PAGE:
The research team found significant evidence, which suggests that the PPP program implemented through Uganda’s USE scheme may not be compliant with the human rights standards applicable to the right to education. Data collected illustrates that despite the overall increases in enrollment, equitable geographical access to education has not yet been achieved under the PPP program.
This report focuses on the state of economic, social and cultural rights issues in Uganda and identifies salient emerging issues over the last four and a half years.
This report addresses the status of Uganda’s realisation of the rights to education and health and rights of vulnerable groups. Part I of this report sets out the methodology used to collect this information. Part II discusses the normative framework of the rights to education and health. Part III addresses the state of the realisation of the rights, discussing key cross cutting issues and issues specific to health, education and the protection of vulnerable groups.
This is a research report with evidence of the discriminatory impact caused by the increased privatization in education in Uganda.
List of Issues in connection with the Initial Report of Uganda on Public Primary Education in Uganda
Written submission of the Uganda coalition on economic, social and cultural rights to the 53rd session of the Committee on Economic, Social and Cultural Rights – Pre-sessional working group on Uganda
Alternative Report Submitted by the Initiative for Social and Economic Rights and the Global Initiative for Social and Economic Rights, with the support of the Privatisation in Education Research Initiative, the Right to Education Project, Education International, the Global Campaign for Education, the Africa Network Campaign on Education For All and the Girls Education Movement Uganda Chapter; presented to the United Nations Committee on Economic, Social and Cultural Rights at its 54th Session for its consideration of the List of Issues for Uganda.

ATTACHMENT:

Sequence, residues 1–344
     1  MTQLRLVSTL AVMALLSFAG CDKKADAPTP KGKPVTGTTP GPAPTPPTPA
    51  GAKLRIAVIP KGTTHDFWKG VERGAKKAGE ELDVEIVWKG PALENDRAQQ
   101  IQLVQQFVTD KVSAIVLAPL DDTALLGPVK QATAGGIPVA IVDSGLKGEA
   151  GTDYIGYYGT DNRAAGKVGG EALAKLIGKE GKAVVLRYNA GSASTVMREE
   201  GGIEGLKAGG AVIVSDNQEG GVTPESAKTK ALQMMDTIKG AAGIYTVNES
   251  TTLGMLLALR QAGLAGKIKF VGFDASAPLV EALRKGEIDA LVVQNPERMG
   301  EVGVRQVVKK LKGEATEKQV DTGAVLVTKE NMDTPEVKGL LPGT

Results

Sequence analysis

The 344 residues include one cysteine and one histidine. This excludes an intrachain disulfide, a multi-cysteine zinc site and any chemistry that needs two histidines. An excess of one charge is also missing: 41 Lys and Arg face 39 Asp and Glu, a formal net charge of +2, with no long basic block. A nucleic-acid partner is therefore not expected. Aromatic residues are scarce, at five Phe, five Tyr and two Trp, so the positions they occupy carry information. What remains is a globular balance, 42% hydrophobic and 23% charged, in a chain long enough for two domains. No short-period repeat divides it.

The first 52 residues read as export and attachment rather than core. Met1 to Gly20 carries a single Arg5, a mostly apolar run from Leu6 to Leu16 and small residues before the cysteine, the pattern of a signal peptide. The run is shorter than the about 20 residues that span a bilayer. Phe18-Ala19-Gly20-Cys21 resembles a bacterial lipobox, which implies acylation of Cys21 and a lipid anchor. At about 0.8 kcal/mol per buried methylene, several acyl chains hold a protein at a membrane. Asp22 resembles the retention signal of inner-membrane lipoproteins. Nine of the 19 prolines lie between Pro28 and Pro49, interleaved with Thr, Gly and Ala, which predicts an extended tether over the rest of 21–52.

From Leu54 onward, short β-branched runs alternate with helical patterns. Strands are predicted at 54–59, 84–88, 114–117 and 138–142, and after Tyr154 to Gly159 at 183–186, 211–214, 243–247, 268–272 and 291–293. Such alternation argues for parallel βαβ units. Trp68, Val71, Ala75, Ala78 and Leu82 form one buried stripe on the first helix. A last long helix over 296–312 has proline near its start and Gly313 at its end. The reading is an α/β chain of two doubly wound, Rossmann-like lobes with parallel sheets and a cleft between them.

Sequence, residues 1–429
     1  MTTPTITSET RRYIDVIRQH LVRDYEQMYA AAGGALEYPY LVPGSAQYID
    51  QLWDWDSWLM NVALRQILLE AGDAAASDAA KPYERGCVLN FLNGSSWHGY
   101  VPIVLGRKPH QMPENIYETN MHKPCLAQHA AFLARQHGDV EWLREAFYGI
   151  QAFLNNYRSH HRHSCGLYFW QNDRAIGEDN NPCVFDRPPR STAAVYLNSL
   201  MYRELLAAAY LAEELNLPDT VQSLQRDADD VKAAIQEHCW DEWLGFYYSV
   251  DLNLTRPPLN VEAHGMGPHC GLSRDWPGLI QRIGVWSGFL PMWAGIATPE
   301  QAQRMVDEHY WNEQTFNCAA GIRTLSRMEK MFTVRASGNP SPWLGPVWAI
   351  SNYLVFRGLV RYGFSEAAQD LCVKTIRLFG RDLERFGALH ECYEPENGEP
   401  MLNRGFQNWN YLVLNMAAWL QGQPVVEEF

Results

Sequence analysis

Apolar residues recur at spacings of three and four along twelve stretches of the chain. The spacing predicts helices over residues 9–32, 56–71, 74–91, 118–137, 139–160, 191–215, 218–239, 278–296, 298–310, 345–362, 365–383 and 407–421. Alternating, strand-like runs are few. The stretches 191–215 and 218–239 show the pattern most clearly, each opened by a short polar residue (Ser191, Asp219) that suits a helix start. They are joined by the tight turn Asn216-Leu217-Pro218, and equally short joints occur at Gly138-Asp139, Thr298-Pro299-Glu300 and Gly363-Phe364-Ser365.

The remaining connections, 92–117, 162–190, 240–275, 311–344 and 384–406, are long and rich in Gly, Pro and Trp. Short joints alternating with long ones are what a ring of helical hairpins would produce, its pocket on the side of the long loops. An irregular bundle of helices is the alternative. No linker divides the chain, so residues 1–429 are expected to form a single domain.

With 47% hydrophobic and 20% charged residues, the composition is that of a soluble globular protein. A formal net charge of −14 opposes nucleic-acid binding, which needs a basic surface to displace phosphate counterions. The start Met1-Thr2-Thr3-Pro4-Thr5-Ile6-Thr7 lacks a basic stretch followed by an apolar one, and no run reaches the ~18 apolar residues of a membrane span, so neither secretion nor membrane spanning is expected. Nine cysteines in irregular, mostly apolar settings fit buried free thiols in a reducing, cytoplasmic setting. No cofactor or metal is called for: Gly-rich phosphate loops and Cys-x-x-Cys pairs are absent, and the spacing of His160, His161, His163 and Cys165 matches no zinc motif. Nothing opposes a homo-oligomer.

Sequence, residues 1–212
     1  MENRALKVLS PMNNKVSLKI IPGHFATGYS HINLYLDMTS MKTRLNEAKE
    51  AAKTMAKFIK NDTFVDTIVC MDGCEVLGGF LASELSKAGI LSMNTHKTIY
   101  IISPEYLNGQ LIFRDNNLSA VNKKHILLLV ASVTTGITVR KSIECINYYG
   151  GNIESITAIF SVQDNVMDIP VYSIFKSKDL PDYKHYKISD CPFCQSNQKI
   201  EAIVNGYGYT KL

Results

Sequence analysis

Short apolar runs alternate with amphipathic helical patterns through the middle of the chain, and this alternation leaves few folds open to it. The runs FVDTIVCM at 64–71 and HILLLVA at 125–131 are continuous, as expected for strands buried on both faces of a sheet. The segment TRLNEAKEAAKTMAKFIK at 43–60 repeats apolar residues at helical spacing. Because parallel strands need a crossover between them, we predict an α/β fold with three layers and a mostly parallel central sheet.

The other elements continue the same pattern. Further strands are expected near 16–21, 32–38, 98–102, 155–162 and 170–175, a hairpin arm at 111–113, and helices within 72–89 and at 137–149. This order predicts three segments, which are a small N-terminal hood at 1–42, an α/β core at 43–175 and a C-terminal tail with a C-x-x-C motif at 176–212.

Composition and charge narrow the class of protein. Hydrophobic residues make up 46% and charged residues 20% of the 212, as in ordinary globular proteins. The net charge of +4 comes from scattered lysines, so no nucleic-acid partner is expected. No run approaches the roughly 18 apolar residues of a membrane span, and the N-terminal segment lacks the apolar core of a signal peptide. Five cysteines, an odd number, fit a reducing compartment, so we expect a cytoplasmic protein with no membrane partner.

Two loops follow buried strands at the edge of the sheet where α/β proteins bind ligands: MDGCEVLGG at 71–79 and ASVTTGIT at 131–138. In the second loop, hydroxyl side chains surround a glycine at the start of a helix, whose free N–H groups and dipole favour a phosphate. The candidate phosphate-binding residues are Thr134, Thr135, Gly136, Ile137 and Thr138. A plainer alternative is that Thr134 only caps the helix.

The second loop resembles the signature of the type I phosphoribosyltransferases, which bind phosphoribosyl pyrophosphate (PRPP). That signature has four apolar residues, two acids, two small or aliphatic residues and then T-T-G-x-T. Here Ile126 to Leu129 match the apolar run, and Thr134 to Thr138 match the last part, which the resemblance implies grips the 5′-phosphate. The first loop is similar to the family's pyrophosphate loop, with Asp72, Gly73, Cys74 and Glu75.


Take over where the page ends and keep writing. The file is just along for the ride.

This was the Inaugural Conference that brought together several stake holders ranging from local NGOs and CBOs, Government, Academia, Advocates, Students and Media and it is hoped that this will subsequently be part of our Annual calendars where stake holders meet and deliberate on the status of the realisation of these rights with a hope of getting policy points for joint advocacy.
2013 has been a year of maturity for ISER having started business in 2012, and we are very happy with what we have managed to achieve. We have registered a number of successes, met several challenges, and learned many lessons during the reporting period.
We have established cooperation with a number of government and non-government actors willing to cooperate and work together to promote Economic and Social Rights (ESRs) in Uganda.
ISER is successfully getting the concept of ESRs into the public domain in Uganda, with key implementing institutions realising the gap and expressing the importance of doing more work in this field.
2012 was a startup year so we did not program to have many activities. We were mainly preoccupied with registration of the organization with the National Board for Non Governmental Organizations, finding office premises and fundraising. But none the less we engaged in some activities that did not require a lot of resources.